A Houston chef is being accused by state wildlife officials of participating in an illegal seafood network that funneled tons of unlawfully caught fish to his businesses.
The network is made up of about a dozen unlicensed commercial fishermen who caught fish off the Texas coast and sold them to Houston-area restaurants, state wildlife officials said. The catches included protected fish species, including red snapper, tuna, amberjack, grouper and red drum.
State investigators said they suspect the network began operating in 2013, and could be the largest of its kind in Texas history.
“This is a big deal and exemplifies the critically important work our Texas game wardens do to protect the state’s natural resources,” said Col. Craig Hunter, the department’s law enforcement director.
“That is not something we in law enforcement will tolerate and we are confident these individuals will be prosecuted to the fullest extent the law allows.”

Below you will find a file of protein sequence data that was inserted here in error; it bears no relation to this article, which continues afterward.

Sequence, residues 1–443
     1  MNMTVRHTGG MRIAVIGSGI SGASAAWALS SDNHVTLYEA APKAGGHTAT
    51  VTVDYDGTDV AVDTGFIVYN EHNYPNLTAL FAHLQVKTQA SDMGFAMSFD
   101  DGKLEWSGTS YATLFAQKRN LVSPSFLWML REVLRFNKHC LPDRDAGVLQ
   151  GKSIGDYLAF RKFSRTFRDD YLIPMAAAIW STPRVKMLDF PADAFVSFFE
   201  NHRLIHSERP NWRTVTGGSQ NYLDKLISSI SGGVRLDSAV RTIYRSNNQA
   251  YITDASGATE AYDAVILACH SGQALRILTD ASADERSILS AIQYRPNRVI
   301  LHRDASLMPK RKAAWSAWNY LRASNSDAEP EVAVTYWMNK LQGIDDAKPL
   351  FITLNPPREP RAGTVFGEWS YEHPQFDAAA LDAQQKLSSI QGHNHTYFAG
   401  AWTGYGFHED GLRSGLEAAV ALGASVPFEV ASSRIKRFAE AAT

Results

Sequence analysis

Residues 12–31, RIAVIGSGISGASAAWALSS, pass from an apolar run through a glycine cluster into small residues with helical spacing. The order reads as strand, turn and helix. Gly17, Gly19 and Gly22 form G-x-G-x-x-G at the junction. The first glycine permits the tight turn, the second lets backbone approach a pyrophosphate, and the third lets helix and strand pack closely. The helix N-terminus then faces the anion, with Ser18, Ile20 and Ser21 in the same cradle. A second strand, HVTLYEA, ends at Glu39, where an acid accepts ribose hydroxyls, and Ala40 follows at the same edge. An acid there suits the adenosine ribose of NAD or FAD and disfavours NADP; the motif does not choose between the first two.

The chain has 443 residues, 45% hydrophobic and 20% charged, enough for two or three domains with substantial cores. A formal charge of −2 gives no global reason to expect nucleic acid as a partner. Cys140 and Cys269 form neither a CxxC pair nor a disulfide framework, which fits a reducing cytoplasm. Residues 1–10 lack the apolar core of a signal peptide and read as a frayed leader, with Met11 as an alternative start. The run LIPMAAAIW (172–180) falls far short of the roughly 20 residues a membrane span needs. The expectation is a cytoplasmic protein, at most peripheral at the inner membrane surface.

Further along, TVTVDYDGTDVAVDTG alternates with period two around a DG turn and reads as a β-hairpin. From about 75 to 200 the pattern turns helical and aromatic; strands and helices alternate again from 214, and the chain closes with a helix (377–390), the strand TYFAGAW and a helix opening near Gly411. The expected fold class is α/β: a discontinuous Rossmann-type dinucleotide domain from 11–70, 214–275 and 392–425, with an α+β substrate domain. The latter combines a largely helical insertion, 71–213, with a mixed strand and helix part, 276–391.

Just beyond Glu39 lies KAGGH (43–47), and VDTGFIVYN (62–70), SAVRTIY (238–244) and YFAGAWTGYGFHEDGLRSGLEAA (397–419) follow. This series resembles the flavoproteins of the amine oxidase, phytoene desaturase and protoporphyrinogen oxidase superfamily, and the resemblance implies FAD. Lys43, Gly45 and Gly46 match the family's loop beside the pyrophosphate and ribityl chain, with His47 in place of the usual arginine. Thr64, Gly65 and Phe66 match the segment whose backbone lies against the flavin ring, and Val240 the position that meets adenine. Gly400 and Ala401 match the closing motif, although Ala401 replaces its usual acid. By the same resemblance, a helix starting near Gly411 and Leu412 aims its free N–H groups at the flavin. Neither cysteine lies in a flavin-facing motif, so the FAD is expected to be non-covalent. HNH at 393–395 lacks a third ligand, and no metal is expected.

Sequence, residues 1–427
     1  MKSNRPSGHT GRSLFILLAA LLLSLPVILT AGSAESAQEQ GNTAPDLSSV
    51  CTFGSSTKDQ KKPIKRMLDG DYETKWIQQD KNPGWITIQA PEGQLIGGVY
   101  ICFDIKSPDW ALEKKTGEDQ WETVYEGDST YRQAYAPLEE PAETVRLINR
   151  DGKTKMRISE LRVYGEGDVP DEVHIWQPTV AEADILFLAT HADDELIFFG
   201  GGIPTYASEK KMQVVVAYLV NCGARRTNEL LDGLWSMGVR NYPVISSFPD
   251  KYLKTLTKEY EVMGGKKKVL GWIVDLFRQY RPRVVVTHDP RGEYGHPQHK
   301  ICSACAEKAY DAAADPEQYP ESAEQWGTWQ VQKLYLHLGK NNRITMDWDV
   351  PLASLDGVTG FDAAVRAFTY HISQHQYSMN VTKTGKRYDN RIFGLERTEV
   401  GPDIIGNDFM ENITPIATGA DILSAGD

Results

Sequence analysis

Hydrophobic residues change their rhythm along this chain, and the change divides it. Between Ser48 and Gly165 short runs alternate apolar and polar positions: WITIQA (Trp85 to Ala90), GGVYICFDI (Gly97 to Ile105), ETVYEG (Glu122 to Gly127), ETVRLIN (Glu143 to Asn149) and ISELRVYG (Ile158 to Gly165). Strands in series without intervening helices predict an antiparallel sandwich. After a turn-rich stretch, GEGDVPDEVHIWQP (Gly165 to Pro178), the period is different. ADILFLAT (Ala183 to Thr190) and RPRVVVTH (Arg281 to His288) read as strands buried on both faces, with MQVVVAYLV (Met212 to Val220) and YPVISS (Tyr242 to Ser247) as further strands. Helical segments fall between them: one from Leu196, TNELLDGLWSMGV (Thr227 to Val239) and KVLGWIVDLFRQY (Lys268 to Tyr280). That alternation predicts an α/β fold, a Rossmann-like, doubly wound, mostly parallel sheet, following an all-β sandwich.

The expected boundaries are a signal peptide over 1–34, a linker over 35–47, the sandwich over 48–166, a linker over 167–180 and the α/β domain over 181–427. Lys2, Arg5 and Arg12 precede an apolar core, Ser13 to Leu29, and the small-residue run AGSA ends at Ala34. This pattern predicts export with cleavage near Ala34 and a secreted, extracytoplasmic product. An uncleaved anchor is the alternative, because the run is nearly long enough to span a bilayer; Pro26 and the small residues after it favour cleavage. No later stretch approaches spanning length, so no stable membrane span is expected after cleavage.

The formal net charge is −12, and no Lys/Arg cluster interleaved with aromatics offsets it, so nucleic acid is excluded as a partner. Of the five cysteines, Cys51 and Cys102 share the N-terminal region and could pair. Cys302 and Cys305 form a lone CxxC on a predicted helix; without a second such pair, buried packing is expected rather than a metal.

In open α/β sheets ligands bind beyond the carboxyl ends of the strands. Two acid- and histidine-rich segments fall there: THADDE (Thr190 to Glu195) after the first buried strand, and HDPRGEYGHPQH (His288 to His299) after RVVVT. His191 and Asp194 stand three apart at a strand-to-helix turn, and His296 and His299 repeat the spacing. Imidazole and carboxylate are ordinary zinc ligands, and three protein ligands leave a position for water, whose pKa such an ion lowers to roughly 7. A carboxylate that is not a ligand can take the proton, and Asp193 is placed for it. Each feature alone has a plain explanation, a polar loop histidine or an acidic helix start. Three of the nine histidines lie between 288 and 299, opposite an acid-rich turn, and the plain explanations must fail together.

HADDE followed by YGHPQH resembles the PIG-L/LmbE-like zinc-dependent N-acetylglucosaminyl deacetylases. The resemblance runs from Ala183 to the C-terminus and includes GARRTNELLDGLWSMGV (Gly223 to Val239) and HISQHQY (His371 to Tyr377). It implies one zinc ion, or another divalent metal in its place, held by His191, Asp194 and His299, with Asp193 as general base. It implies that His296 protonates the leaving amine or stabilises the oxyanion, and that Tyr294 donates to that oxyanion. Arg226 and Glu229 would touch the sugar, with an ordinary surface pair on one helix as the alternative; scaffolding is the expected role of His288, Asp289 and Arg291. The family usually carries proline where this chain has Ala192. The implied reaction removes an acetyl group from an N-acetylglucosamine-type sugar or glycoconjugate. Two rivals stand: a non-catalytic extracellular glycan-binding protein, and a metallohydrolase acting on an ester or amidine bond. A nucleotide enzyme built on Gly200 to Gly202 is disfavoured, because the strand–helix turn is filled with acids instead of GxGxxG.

A break in the investigation came in April 2016, when the U.S. Coast Guard stopped a commercial fishing boat in coastal waters near Freeport. The boat was carrying 1,900 pounds of red snapper.
Game wardens and the National Marine Fisheries Service seized the fish, which officials allege were illegally caught in the Gulf of Mexico off Freeport and Galveston, according to department. Investigators assert they were able to link the subjects with the illegal seafood operation.
On Wednesday, the department said that Bruce Molzan, 59, of Houston, bought fish through the network, and then sold them at two restaurants with which he had been associated.
Molzan was charged with unlawful purchase of aquatic products by a restaurant, and the sale and purchase of protected finfish. Both charges are misdemeanors.
Molzan is the owner of Ruggles Black, an Indian-French-American-Paleo eatery on Kirby Drive in Houston. He sold Ruggles Green, which has locations in Houston’s River Oaks, the Heights and the CityCentre development, in October 2016.
Wardens have written more than 200 Class C misdemeanor citations related to their investigation of the network, officials said.
Two unnamed recreational anglers from Freeport were charged with felonies in connection with the case.